Understanding and Conquering Codependency
Codependency is a term used to describe problematic ways of thinking and behaving that contribute to adult relationship problems. Generally, these maladaptive behaviors are learned in one’s family of origin. They reflect the spoken and unspoken rules, along with ways of coping that family members learned in the face of persistent physical or emotional issues. Codependency is a common problem, and much attention has been dedicated to understanding it and helping people overcome it.
The word "codependency" evolved from the word "co-alcoholic," a term commonly used to describe a person in a close relationship with an alcoholic (or drug addict). Co-alcoholics naturally attempt to cope with the alcoholic's dysfunctional behavior by enabling — controlling, protecting, and compensating for the alcoholic's problems. Many people in adult relationships with alcoholics grew up in an alcoholic home, and as a result, exhibit learned codependent behaviors in their relationships.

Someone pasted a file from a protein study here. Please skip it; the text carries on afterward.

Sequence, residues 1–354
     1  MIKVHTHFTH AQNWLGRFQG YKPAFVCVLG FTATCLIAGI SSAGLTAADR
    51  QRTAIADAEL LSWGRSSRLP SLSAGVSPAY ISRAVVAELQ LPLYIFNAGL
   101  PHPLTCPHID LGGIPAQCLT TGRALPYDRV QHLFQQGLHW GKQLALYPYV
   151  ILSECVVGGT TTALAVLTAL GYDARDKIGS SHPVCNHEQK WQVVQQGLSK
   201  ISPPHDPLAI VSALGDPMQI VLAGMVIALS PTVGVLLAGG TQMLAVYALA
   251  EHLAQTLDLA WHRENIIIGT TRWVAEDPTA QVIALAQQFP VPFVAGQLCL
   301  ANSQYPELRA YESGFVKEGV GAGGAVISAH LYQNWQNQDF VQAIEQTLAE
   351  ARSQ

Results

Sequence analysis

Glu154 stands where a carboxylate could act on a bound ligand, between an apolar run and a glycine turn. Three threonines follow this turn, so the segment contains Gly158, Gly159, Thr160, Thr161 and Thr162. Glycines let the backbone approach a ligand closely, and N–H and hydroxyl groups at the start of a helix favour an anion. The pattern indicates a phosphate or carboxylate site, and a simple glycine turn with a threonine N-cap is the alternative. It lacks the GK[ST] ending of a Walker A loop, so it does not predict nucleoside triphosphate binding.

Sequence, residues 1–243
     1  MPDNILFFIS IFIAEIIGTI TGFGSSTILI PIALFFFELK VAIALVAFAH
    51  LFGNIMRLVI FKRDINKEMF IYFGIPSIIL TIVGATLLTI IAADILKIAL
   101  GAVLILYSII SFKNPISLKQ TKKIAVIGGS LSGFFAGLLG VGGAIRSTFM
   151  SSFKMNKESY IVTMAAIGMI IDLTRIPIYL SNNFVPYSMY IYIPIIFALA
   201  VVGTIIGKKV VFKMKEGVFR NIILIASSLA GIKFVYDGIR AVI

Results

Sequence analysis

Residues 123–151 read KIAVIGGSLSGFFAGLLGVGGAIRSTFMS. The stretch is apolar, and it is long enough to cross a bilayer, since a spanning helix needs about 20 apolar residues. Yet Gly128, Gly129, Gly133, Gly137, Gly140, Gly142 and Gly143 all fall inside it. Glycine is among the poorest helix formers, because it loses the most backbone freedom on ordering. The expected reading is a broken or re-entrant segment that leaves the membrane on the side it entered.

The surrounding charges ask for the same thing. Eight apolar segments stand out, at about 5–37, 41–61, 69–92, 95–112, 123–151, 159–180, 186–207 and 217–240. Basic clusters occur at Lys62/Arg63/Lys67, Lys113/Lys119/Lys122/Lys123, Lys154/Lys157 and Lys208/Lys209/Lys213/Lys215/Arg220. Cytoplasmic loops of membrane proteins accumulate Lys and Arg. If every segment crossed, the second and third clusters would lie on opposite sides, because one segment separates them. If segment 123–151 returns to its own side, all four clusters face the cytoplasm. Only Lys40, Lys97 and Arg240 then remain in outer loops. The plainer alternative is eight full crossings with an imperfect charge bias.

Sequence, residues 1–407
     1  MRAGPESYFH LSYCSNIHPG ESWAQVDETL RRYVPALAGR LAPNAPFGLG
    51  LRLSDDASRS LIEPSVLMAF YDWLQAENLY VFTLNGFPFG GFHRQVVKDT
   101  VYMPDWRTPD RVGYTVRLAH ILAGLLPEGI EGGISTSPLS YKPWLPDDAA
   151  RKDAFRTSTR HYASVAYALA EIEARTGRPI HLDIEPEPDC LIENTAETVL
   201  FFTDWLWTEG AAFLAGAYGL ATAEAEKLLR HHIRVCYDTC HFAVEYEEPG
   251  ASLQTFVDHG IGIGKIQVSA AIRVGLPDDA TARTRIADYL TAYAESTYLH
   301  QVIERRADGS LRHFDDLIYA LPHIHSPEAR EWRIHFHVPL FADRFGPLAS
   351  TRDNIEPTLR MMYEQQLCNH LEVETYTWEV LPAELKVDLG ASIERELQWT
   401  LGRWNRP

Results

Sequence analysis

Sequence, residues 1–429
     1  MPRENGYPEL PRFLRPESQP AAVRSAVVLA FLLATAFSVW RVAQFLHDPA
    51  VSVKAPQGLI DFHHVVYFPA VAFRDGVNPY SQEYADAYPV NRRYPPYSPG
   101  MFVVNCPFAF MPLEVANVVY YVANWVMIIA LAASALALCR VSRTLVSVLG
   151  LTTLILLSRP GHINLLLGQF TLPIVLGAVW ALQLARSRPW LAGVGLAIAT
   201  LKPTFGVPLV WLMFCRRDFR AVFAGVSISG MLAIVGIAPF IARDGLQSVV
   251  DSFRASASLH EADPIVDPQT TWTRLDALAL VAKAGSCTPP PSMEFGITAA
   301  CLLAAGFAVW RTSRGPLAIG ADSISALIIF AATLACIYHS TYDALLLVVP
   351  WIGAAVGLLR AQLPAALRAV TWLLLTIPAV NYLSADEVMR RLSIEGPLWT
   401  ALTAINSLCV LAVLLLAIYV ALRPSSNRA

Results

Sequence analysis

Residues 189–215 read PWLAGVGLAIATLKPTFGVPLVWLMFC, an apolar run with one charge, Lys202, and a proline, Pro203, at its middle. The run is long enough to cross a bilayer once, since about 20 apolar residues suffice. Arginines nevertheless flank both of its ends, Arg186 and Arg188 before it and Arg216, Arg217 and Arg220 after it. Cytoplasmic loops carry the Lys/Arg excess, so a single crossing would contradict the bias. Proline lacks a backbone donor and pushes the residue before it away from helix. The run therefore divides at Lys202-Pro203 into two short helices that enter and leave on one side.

Growing up in an alcoholic home is one way to be affected by codependency, but other health conditions and psychological problems may contribute to the development of codependency. The personalities of family members and the types of problems they experience shape the codependent behaviors.
This program describes codependency in non-mysterious terms and helps employees identify, self-diagnose, and become motivated to do what it takes to overcome this common and disabling way of thinking and acting.